If you have any questions about your potential risks as an employee or employer, you should contact an attorney to better understand your options.

 

IMG_0906Attorney Mark Davis has been a practicing trial attorney in Washington since 2007 and has been honored with several awards.  He has litigated a variety of employment and commercial disputes, such as workplace issues involving discrimination, hostile environments, retaliation, and wage violations (to name a few). When Mr. Davis is not hard at work for his clients, he can be found playing a game of ping pong in our office rec center or spending time with his wife and young family.  These posts are meant to show employees some of the rights they have in the workplace and some possible pitfalls to avoid that come up in employee rights cases.  Please seek legal counsel for your own specific situations, cases are unique and have their own sets of circumstances to consider.  To get in touch with Mr. Davis contact our office by phone: 206-248-8100 or by email: info@sgfslaw.com, or visit or website for more information.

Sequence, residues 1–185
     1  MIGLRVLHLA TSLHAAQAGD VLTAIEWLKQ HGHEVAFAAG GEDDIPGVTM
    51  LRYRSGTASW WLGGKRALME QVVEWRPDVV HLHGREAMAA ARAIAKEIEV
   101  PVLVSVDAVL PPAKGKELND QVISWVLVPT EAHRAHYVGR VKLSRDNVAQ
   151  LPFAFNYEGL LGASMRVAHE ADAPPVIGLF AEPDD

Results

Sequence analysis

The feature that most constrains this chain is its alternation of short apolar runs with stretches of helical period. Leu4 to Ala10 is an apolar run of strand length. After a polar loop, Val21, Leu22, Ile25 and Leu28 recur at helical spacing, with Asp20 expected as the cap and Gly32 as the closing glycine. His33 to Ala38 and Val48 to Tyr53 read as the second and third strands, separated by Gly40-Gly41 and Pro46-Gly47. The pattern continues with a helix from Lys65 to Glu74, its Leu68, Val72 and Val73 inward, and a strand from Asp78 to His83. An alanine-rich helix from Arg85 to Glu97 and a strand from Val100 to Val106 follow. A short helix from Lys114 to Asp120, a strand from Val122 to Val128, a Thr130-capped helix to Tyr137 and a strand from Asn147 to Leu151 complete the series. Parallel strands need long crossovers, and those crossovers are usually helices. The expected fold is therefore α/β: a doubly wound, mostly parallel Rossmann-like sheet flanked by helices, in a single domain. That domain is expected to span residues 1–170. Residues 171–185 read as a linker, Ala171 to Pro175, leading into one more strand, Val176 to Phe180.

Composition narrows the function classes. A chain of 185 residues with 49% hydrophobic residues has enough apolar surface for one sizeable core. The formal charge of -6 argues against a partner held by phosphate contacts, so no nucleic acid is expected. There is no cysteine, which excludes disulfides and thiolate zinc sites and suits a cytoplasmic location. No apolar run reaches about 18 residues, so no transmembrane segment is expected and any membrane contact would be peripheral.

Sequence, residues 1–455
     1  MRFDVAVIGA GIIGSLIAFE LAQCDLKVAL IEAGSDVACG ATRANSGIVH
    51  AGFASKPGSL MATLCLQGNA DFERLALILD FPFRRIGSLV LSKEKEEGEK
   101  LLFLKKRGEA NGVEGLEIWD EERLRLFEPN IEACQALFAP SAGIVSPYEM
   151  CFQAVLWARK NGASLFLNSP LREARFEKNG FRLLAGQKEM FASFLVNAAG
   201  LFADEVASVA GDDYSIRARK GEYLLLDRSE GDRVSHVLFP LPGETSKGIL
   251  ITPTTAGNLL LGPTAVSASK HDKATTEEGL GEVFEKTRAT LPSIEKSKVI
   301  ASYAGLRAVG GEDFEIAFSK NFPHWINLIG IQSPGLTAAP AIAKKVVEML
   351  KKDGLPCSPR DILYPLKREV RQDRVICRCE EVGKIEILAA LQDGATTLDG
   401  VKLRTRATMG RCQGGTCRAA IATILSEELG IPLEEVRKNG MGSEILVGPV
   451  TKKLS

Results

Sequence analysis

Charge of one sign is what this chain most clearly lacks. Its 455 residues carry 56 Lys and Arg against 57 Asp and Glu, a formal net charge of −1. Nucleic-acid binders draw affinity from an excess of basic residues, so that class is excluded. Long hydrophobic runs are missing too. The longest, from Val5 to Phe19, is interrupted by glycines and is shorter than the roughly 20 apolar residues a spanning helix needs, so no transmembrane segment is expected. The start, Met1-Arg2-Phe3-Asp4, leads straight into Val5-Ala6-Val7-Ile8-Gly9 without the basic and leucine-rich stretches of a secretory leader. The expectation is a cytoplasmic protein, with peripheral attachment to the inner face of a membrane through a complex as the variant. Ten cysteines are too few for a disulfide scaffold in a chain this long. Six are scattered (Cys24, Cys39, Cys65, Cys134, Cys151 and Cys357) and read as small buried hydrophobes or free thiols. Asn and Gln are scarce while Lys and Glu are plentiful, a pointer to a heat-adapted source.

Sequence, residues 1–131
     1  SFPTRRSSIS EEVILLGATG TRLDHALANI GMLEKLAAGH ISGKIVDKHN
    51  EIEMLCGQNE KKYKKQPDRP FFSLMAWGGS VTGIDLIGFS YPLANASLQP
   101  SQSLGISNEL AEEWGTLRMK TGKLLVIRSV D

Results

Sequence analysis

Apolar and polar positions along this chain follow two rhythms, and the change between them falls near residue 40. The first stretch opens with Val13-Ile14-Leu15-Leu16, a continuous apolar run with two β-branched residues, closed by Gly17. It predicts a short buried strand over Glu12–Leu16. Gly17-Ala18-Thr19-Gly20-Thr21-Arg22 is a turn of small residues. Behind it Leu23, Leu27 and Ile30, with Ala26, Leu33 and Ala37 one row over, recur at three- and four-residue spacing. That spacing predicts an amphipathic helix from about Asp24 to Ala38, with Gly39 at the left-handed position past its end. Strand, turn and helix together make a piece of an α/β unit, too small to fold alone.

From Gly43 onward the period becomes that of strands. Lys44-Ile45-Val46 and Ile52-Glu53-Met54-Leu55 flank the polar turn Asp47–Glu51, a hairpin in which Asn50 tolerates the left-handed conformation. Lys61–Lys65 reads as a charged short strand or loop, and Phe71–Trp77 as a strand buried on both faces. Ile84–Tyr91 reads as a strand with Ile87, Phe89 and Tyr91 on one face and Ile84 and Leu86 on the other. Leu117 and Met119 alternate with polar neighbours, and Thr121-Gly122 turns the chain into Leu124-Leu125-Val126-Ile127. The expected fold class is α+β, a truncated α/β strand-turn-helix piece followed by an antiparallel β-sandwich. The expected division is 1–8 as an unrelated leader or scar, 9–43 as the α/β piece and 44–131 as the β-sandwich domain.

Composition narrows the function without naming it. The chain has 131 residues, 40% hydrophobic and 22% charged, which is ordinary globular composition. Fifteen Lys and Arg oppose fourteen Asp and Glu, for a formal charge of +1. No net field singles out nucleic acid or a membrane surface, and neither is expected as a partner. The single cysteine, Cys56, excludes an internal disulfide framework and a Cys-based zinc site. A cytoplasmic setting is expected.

Annual Construction Law Section Dinner and CLE

As a member (and past chair) of the governing council for the Construction Law Section of the Washington State Bar Association and with the immeasurable help of our firm’s cracker-jack legal assistant/paralegal and event organizer Laurel Barton,  I have initiated, organized and overseen the Section’s Annual Dinner/CLE program.  We completed our second event last week (February 26) and it was another rousing success.  This one was at Cutter’s Bayhouse in Seattle’s Pike Place Market.  Fifty one members of the Section signed up and a good majority of those attended to enjoy a social hour, dinner and a presentation good for one hour of CLE credit, all for the unheard-of low price of $50.

Our speaker was John Livengood of Navigant, a national construction consulting firm.  John is a Managing Director of Navigant’s Global Construction Practice and an experienced claims expert with more than 38 years of construction related experience.  He is a registered architect and an attorney experienced in construction litigation, project management, design analysis, and document preparation